Credit Report Problems That Scare Mortgage Lenders

Lidia Staron  |

Thinking of buying a new home? It’s probably your most expensive purchase and therefore, you need the help of a reputable mortgage lender to help finance your dream home.

But finding one is not an easy proces. Not all lenders are going to approve your loan request and it would take some time for them to evaluate your records to see if you’re a good candidate for their loan offers.

How Your Credit History Impacts Your Mortgage Application

Speaking of records, one of the major factors that will certainly affect lender’s decision to approve your loan request is your credit card report. After all, it’s says a lot about your financial status, spending habits, and ability to pay your dues on time. Furthermore, your credit history contains information about your past debts and creditors and other public records that indicate financial troubles you’ve gone through in the past, such as bankruptcies, late or missed payments, and foreclosures.

While the Fair Credit Reporting Act requires all credit bureaus to remove most entries in your credit report after seven years, and thus will no longer affect your credit score, things like tax liens, bankruptcies and judgements can remain in your credit report longer than seven years. And while these are all the major redflags, there are some more problems that could drive mortgage lenders away from approving your loan request.

Credit Card Report Problems Homebuyers Should Avoid

History of minimum payments.

Your credit card provider is happy to have you pay just the minimum amount due each month because they make money out of it. But lenders can take this against you. That’s because it gives them an impression that you don’t have the ability to pay your balance. It’s perfectly okay to pay just the minimum once in a while. But if you do this out of a habit, it’s not going to do you any good by the time you apply for a mortgage loan.

Having lots of loan applications.

An occasional personal loans online to cover an home repair or an important purchase is definitely okay. But running to different credit card companies for loan applications signal that there’s something going on. It may signal multiple debt obligations, which can greatly turn down any mortgage lender. Card issuers are monitoring accounts more often these days, almost in a monthly basis. Limiting your credit cards to two or three is a great way to improve your credit report and at the same time, gain more in control of your finances.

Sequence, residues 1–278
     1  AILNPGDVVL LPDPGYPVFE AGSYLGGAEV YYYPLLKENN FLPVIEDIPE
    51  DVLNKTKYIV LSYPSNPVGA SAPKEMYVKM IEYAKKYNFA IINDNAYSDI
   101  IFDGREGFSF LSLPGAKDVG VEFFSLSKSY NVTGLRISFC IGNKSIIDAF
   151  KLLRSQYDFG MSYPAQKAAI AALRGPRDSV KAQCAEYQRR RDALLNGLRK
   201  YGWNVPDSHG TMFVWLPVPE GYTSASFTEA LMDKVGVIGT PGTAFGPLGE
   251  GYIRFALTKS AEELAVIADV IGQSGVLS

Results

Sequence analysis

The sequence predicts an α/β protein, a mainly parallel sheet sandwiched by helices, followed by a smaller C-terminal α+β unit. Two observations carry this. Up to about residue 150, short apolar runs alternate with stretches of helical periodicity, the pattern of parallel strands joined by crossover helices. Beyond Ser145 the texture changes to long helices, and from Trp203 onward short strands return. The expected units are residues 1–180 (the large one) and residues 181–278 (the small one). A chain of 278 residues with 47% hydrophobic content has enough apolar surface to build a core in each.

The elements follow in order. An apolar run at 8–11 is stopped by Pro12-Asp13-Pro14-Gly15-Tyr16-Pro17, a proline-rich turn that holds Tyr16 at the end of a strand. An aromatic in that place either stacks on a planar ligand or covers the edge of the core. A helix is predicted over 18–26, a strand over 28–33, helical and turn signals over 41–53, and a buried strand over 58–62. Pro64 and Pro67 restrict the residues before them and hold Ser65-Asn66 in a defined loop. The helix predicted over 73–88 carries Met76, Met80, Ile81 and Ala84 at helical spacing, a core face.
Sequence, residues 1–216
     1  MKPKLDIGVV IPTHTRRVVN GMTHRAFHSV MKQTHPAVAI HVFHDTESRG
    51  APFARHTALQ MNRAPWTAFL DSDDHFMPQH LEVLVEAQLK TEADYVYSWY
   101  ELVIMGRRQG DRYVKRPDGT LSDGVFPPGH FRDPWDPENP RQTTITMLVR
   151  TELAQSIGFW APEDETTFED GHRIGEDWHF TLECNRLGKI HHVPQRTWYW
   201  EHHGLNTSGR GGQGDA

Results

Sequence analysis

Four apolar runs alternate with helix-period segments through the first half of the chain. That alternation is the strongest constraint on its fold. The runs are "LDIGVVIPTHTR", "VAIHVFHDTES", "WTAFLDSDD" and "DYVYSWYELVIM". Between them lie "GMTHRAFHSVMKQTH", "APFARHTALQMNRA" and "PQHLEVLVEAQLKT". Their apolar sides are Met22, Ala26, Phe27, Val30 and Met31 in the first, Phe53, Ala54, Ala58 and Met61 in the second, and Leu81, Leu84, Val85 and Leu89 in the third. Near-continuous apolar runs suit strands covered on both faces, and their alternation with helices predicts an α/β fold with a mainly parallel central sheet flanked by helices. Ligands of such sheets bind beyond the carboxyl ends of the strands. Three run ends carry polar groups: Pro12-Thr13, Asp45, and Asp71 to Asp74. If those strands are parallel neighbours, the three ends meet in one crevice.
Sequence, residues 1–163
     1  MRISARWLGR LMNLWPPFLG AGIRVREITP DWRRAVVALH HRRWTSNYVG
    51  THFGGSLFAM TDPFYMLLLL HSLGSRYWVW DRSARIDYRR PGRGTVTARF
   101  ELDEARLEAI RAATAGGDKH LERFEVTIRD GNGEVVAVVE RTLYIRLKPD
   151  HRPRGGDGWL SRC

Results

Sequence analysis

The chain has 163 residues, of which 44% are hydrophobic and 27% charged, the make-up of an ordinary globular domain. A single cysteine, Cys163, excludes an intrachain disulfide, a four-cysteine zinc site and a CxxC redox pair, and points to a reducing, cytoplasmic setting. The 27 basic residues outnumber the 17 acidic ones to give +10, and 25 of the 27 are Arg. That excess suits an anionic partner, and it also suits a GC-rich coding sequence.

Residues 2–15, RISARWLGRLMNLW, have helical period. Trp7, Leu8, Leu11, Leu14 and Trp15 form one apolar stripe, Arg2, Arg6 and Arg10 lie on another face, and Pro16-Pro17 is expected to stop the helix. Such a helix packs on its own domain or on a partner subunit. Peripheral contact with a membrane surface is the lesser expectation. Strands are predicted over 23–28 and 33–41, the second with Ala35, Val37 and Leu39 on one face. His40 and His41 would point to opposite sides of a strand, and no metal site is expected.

Being a loan guarantor.

Be careful who you co-sign a loan or credit card with. As a co-signer, you carry the obligation to repay the loan in case the principal borrower fails to do so. Therefore, the failure of the borrower to pay on time can reflect on your report too. If he misses, stops paying, or pays late, it will be as if you did it all.

Making too many inquiries.

Current mortgage lending rules suggest that even just one dispute for whatever reason or amount can delay or kill a loan. This came out from a common issue in the past wherein borrowers try to raise their credit score by disputing negative yet accurate, information on their credit card reports. Furthermore, multiple credit inquiries can damage your credit score. When applying for a mortgage, make all your applications with 45-day period wherein all inquiries are considered just ‘one’.

A short sale.

Did you know that a short sale can be a red flag in your credit card report just as a foreclosure? Here’s the thing - lenders will report the short sale to major credit bureaus as a “settlement” or a deed in lieu of foreclosure. You could lose around 100 points after a short sale, pulling your score really down and increasing your chances of being categorized as “subprime” borrower.

Late payments.

Late payments are also a red flag in your credit card report and it’s a surefire way to have your mortgage application denied. After all, payment history accounts for 35% of your credit score. Missed payments can lower your score by more than 100 points. Furthermore, collections and court judgments from your other financial obligations (such as unpaid hospital bills) can cause your score to drop even further.

Remember than when you begin a mortgage process, one of the key steps your lender will take is to review your credit card report. They will do it even before they interview you. Negative changes in your report can impact your application and turn down your hopes of buying your dream home. By being mindful of your credit report and staying away from these problems, you increase your chances of securing a mortgage loan. If possible, check your credit 6 months to a year before applying for a mortgage loan to give yourself time to fix errors that can affect your application.

DISCLOSURE: Finding one is not an easy process. Not all lenders are going to approve your loan request and it would take some time for them to evaluate your records to see if you’re a good candidate for their loan offers.


The views and opinions expressed in this article are those of the authors, and do not represent the views of equities.com. Readers should not consider statements made by the author as formal recommendations and should consult their financial advisor before making any investment decisions. To read our full disclosure, please go to: http://www.equities.com/disclaimer

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